Tips&Tricks to Port and Convert Your Games from ActionScript3 to CreateJs and Typescript

CreateJs combined to Typescript it the best option to make html5 games if you have good experience with ActionScript 3 and flash. If you developed flash games before, you might have tried to continue making them in javascript. Javascript is a great language but when the complexity of the code increases, javascript projects become harder and harder to maintain and extend. This is why I prefer typescript to javascript when developing games. In typescript, like in other strongly typed languages, with the right IDE, code completion and IntelliSense is much better compared to js.
CreateJS is recreating the flash class hierarchy in html5. The CreateJS class hierarchy is similar to the one existing in flash, like in flash you can export resources in html5 for createjs and you can use them in html5. Some things are changed but they are done with performance improvements in mind.

Always use this

One of the first differences when using typescript is that this is mandatory when used local members or methods.

How to Handle Added to Stage Event in CreateJS

When we are talking about the functionality, createJs does it very well but a few things are missing and some others are implemented differently. One of the most common things which were used in actionscript3 was to initialize objects after a sprite or movie clip was added on stage. It was done using the addEventListener for the Event.ADDED_TO_STAGE. addEventListener is implemented in createJS, but there is no event that is triggered when an object is added on stage.

Luckily, we can use the added event and filter for the cases when the target is the stage:

// 'on' should always be preferred to 'addEventListener', but in this example
//  we use addEventListeners to highligh the similarity to flash and as3:
this.addEventListener( "added", (e:createjs.Event) => { 
    if ( ( as any).stage != null ) 
} );

Another option is to use ‘.on’ instead of addEvent listener. For this specific scenario it’s not that important but If you scroll down a few points you’ll see why is better to always use ‘on’ instead if addEventListener:

// better to always use 'on' instead of 'addEventListener':
this.on( "added", (e:createjs.Event) => { 
    if ( ( as any).stage != null )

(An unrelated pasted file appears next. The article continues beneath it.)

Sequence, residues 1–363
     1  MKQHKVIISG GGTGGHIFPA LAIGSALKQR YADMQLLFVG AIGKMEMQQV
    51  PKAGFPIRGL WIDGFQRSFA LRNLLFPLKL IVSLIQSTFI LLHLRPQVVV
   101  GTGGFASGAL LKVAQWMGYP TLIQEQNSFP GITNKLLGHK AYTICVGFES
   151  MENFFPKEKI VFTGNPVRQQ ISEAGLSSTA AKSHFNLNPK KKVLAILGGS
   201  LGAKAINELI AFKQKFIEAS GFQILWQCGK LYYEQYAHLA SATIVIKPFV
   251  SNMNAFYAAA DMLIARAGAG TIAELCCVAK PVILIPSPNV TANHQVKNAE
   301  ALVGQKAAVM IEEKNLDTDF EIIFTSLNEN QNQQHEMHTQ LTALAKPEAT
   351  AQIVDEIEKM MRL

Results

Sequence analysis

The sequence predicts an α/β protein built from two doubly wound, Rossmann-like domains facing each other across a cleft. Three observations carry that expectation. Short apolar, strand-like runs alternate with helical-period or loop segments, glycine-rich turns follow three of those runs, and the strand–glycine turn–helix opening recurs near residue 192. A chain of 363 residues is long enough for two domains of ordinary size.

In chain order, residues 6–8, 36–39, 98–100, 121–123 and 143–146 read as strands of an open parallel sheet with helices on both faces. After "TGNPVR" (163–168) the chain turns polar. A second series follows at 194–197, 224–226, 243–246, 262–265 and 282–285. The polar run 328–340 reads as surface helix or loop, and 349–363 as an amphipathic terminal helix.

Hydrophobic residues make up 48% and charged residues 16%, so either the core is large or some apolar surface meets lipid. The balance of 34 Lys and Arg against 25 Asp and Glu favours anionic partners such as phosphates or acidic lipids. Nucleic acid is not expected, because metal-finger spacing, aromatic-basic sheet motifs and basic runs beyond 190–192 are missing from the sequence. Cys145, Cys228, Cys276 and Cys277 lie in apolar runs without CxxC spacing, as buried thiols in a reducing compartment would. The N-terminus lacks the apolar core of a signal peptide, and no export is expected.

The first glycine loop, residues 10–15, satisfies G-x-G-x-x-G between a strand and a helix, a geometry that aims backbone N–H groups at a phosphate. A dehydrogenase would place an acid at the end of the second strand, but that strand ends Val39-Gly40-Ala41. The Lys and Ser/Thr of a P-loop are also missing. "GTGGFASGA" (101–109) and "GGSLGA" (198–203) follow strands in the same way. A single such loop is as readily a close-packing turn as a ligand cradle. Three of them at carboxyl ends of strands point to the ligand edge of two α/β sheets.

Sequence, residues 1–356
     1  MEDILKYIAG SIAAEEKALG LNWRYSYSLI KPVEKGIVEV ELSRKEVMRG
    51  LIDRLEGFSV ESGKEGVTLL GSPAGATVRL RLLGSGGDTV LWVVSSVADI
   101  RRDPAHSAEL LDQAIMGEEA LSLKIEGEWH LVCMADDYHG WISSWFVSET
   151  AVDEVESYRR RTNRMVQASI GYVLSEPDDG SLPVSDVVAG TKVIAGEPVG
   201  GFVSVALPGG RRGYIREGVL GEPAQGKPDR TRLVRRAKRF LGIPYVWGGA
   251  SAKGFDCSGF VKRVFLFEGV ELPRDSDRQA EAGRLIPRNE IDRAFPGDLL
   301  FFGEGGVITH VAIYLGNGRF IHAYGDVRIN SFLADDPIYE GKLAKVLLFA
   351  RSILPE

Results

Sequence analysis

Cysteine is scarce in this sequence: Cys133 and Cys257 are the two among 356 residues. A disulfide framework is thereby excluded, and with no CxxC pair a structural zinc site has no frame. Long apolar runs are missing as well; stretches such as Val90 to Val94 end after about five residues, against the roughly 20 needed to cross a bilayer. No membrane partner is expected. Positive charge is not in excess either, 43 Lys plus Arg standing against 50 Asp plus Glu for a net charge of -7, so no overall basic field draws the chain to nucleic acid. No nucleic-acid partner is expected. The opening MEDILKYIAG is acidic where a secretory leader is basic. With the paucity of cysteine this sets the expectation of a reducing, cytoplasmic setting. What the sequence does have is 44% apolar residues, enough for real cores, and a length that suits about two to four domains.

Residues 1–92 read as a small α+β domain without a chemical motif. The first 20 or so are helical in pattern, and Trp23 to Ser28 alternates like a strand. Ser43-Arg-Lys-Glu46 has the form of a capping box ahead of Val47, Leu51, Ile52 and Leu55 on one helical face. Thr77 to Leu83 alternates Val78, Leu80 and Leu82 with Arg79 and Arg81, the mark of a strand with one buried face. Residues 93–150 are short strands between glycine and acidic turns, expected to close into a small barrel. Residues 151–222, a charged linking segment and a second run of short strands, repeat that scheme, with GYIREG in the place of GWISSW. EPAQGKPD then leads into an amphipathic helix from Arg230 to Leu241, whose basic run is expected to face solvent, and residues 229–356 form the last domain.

} );


LineStyle is missing

LineStyle property no longer exists in CreateJS Graphics class. But you don’t have to despair, they are replaced with setStrokeStyle and beginFill methods; if you get an error that lineStyle is missing when using the following line:, 0xCCCCCC);

You can use setStrokeStyle and beginFill instead:'#CCCCCC');

mouseX and mouseY

In ActionScript, you could obtain the mouseX and mouseY directly from a DisplayObject (relative to object coordinates). In CreateJS we have to use the stage to get the mouse position and then to convert to the relative coordinates:

var mouse:Point = myDisplayObject.globalToLocal(stage.mouseX, stage.mouseY);
var mouseX:number = mouse.x, mouseY:number = mouse.y;

addEventListener improved version: ‘.on(event)’ method

addEventListener is the method which allowed us to add handlers/listeners which are executed when the events are triggered. However, addEventListener is also a javascript method and when we are executing it the scope in which the listener method is run is not the one we might look for(it’s its own scope). This is why is better to use the method ‘.on‘ instead. For example, in the following snippet, we are adding an event listener to handle the mouse down events on the stage. We want to catch all the evens on the stage, not only on the current object( for example the current object is the player and the user directs it with the mouse/touch).

If we use addEventListener, in the inner function this will represent another scope than our class ‘Player'(probably the ‘window’ object or maybe the stage object). But we need to handle this as our main class.

class Player{